A multicultural, multinational history of colonial America from the Pulitzer Prize-winning author of The Internal Enemy and American Revolutions
In the first volume in the Penguin History of the United States, edited by Eric Foner, Alan Taylor challenges the traditional story of colonial history by examining the many cultures that helped make America, from the native inhabitants from milennia past, through the decades of Western colonization and conquest, and across the entire continent, all the way to the Pacific coast.
Transcending the usual Anglocentric version of our colonial past, he recovers the importance of Native American tribes, African slaves, and the rival empires of France, Spain, the Netherlands, and even Russia in the colonization of North America. Moving beyond the Atlantic seaboard to examine the entire continent, American Colonies reveals a pivotal period in the global interaction of peoples, cultures, plants, animals, and microbes. In a vivid narrative, Taylor draws upon cutting-edge scholarship to create a timely picture of the colonial world characterized by an interplay of freedom and slavery, opportunity and loss.
"Formidable . . . provokes us to contemplate the ways in which residents of North America have dealt with diversity." -The New York Times Book Review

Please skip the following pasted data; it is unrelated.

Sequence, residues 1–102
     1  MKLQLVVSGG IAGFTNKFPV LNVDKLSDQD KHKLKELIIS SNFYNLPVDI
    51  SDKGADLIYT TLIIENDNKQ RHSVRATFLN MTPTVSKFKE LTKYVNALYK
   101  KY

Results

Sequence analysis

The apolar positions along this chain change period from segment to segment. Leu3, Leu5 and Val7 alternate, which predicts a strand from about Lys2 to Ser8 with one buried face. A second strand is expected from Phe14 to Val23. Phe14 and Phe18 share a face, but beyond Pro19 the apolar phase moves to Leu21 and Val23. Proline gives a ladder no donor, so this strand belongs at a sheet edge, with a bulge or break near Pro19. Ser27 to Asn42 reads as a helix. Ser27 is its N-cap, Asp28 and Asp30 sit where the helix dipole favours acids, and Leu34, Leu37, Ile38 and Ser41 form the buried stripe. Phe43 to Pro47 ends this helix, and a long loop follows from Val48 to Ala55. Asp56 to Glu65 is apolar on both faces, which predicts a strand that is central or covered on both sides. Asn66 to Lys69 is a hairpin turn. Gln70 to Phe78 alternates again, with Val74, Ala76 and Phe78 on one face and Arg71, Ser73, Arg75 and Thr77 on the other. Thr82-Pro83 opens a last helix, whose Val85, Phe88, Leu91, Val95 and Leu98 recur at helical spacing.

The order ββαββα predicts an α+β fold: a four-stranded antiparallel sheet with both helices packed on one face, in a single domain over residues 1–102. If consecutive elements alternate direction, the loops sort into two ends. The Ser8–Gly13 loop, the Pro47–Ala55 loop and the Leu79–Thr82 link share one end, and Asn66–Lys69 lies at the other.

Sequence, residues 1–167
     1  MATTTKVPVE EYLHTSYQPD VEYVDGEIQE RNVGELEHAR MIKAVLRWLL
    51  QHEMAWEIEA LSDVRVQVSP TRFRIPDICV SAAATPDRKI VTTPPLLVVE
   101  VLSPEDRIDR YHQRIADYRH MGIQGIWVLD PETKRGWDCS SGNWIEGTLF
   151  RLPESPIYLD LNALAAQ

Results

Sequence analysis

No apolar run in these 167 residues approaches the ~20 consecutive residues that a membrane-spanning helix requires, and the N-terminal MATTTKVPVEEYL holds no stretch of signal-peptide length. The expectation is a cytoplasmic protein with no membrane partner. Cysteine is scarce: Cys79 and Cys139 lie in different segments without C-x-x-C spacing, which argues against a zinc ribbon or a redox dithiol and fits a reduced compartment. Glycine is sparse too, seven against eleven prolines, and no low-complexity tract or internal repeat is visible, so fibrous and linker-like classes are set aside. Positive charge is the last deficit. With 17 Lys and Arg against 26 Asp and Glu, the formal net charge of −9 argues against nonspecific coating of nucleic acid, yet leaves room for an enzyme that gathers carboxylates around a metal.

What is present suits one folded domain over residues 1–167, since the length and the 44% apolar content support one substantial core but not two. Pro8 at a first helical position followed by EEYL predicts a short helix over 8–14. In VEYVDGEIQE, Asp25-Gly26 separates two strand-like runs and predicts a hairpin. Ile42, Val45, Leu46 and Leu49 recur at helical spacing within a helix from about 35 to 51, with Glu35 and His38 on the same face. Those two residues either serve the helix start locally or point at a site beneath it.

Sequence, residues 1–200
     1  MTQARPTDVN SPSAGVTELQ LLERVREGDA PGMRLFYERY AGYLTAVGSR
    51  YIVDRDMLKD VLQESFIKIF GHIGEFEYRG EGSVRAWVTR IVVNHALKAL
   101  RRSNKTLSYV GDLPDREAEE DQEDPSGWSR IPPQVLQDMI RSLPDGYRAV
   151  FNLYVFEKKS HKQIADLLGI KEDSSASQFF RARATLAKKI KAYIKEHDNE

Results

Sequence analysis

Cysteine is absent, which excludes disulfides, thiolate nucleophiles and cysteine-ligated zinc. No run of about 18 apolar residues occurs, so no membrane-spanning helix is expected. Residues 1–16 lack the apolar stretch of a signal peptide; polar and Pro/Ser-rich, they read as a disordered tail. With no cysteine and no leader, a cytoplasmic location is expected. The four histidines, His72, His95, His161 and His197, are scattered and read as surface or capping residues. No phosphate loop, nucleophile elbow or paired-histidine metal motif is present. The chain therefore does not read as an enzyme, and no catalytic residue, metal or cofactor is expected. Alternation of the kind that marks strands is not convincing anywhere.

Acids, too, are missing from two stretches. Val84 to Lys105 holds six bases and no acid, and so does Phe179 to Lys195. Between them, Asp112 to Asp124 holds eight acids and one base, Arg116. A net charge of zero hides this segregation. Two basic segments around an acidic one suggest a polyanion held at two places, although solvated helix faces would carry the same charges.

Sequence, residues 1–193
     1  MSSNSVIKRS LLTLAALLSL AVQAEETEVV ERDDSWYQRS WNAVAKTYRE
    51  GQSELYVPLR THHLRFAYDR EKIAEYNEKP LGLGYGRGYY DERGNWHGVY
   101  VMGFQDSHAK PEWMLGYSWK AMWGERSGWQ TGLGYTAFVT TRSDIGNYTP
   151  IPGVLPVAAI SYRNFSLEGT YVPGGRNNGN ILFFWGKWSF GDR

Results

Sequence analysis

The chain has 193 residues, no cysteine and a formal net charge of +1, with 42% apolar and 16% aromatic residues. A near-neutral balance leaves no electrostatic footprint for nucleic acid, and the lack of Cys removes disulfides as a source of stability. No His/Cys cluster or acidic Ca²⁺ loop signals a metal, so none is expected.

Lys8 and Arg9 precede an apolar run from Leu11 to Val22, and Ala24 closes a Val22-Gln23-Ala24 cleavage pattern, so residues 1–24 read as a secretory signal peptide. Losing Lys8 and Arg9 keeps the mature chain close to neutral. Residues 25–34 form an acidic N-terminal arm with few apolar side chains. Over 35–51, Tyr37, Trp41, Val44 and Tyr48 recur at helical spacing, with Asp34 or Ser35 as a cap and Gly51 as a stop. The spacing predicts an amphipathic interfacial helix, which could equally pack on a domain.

About the Author
Alan Taylor’s books include William Cooper’s Town: Power and Persuasion on the Frontier of the Early American Republic, which won the 1996 Pulitzer Prize for history and the Bancroft Prize in American History; The Internal Enemy, also awarded the Pultizer Prize; The Divided Ground: Indians, Settlers, and the Northern Borderland of the American Revolution. Taylor holds the Thomas Jefferson Chair in American History at the University of Virginia.
"Formidable...provokes us to contemplate the ways in which residents of North America have dealt with diversity." -The New York Times Book Review
"A superb overview of colonial America." -Christian Science Monitor
"Compelling, readable, and fresh, American Colonies is perhaps the most brilliant piece of synthesis in recent American historical writing." —Phillip J. Deloria, Carroll Smith-Rosenberg Collegiate Professor of American Culture and History at the University of Michigan
“Even the serious student of history will find a great deal of previously obscure information. The book offers a balanced understanding of the diverse peoples and forces that converged on this continent and influenced the course of American history.” —Publishers Weekly (starred review)
“Crammed full of fascinating material uncovered by historians, archaeologists, and anthropologists in the past half-century.” —Newsday